Why Are Limes So Expensive Exploring The Rising Cost

Limes are citrus fruits that are grown in tropical areas around the world. Limes are used in many cuisines around the globe. They are usually eaten raw, but can also be juiced or added to other dishes.

The limes we buy at our local grocery store cost about $1 per lime and they weigh between 1/2 pound and 2 pounds each. A large bag of 10-12 limes costs less than a dollar! But why do limes cost so much more when you go to an exotic market like Whole Foods Market? Why is it that one lime from Mexico will cost almost as much as two limes from Florida? And what makes them so expensive anyway?

Limes are a type of exotic citrus fruit that originated in Southeast Asia. Around 1000 C.E., Arabian traders began transporting these little sour jewels to eastern Mediterranean countries, and their popularity has since risen. They’re used in tacos, ceviches, key lime pie, cocktails, and other dishes in modern cuisine. However, the price of limes has been steadily rising in recent months.

People have begun to notice and inquire, but answers are proving to be elusive. So we set out to figure out why limes are so costly in general, and why they’ve recently become more expensive. Continue reading to find out.

What are Limes?

Limes are a citrus fruit that has been used for centuries in cooking and medicine. They are also known as Citrus medica Limonum. The limes are native to Southeast Asia and India. They are commonly found in grocery stores and supermarkets. They are usually sold in their whole form.

There are two types of limes – Persian limes and Key limes. Both are used in different ways. Persian limes are smaller than key limes. They are sweeter and less sour. They are often used in desserts. Key limes are larger than Persian limes. They are slightly tart with a stronger flavor. They are most popularly used in savory recipes such as salads, soups, stews, sauces, marinades, etc.

Why are limes so expensive?

Limes are expensive because they are susceptible to citrus disease and are impacted by severe weather, and lime shipments (like avocado shipments) are sometimes kidnapped by drug gangs in Mexico.

In order to grow healthy limes, farmers must use pesticides and fungicides on their crops. These chemicals kill off pests and diseases that affect the plant’s growth. Unfortunately, this means that some of those pesticides end up getting into the water supply. This causes problems for people who live near farms where limes are grown. It’s not just humans though; animals living nearby may get sick too.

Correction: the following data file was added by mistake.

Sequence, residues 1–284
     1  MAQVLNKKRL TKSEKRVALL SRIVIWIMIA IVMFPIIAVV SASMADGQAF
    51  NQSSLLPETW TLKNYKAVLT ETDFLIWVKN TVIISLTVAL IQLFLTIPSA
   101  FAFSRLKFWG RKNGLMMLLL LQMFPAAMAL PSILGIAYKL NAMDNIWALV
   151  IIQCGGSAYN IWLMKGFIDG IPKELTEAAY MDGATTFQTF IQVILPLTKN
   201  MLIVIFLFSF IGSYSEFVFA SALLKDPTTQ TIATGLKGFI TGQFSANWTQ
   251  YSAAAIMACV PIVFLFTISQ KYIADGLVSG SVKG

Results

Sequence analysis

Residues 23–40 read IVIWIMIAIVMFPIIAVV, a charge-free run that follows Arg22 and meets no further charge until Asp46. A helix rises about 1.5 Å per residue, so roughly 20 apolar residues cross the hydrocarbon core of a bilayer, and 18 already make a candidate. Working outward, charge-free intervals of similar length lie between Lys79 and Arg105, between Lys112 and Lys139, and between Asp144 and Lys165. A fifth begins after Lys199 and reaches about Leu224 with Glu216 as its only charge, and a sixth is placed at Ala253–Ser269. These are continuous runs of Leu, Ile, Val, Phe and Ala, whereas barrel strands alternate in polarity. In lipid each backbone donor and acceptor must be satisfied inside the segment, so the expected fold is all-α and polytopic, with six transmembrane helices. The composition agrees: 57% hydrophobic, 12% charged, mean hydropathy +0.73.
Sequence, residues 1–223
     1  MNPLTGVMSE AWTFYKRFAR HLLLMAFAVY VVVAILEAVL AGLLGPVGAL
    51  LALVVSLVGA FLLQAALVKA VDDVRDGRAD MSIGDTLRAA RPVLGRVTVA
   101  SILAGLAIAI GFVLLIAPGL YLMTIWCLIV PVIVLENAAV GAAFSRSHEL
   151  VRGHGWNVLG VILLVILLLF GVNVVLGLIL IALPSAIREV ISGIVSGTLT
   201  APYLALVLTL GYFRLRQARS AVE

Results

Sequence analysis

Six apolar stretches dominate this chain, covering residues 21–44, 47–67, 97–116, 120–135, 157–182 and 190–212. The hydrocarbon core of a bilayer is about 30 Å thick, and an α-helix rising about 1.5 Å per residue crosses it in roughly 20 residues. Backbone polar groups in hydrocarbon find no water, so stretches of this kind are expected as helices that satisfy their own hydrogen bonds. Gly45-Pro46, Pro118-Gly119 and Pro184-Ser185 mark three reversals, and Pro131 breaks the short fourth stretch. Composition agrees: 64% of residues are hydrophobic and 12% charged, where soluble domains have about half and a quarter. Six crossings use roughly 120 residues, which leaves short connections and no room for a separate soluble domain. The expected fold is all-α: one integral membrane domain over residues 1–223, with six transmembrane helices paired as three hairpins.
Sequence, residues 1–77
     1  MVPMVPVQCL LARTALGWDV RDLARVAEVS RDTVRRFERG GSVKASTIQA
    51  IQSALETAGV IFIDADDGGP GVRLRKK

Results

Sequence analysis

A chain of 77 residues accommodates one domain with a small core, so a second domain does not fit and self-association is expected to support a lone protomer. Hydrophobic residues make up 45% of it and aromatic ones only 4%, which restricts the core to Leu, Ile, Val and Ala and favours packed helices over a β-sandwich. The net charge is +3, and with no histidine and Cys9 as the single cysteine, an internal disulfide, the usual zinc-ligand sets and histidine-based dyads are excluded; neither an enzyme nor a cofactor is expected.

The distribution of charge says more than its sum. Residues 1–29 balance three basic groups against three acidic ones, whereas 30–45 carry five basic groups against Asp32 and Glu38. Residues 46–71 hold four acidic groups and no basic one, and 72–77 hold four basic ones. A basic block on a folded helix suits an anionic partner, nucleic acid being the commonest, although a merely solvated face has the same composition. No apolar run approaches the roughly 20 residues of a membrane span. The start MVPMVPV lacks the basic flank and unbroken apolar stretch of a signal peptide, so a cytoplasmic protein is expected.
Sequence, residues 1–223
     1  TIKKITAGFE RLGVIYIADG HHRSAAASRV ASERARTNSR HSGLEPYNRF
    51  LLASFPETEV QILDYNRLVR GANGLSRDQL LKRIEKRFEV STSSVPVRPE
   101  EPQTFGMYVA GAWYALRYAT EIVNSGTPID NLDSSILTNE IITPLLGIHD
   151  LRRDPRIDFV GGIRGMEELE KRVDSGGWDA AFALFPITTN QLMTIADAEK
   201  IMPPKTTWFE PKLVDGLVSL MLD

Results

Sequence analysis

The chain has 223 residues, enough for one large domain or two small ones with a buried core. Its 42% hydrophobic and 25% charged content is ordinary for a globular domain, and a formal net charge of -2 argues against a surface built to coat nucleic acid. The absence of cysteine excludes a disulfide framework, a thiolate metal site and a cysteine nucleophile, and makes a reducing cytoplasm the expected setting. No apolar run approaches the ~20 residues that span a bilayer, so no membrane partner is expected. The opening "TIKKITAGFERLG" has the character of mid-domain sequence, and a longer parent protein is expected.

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In Mexico, there has been a prolonged drought, and lime production has suffered as a result. Because they have a superior environment, Mexico supplies virtually all of America’s limes. Limes are only in season in New Zealand from March to September, after which they are imported from America and/or Mexico. New Zealand and Australia cultivate their own limes and have a close relationship with Southeast Asia in terms of imports and exports.

Because of the high demand for limes worldwide, prices tend to fluctuate based on availability. In addition, the quality of the product can vary greatly depending on how well the crop was cared for during its growing process. For example, if the farmer didn’t spray his or her crop properly, then the resulting fruits could be bitter. If the farmer sprayed too heavily, then the fruit might be overgrown and misshapen.

Nonetheless, output in Mexico always exceeds the overall quantity, so any big crop loss there will be felt across the world. The cost of a 40-pound case of limes in 2019 was $52-55. This is the retail price, not the amount you’ll pay at a shop. You might easily end up spending $2 per lime due to middlemen, shipping fees, and supermarket retail price markup.

The lime situation in Mexico

A number of things have contributed to this. Mexico produces 98 percent of the limes consumed in the United States. This implies that anytime manufacturing and supply are interrupted, the repercussions are severe, raising import costs.

The retail price rises if the farmer does not produce as much as expected due to weather or crop disease. Limes are twice as costly as their sour relatives, lemons. Fresh Lime production is in low supply, notably in Mexico. The present drought is the primary cause of the slowdown in production. Not only is the number of limes in jeopardy, but so is the quality.

Mexico also suffers from an ongoing problem with kidnappings. Drug cartels kidnap workers and force them to work under dangerous conditions. Some of these laborers die while working in the fields. Others escape and tell authorities what happened. As a result, many Mexican farmers no longer feel safe bringing their products to market.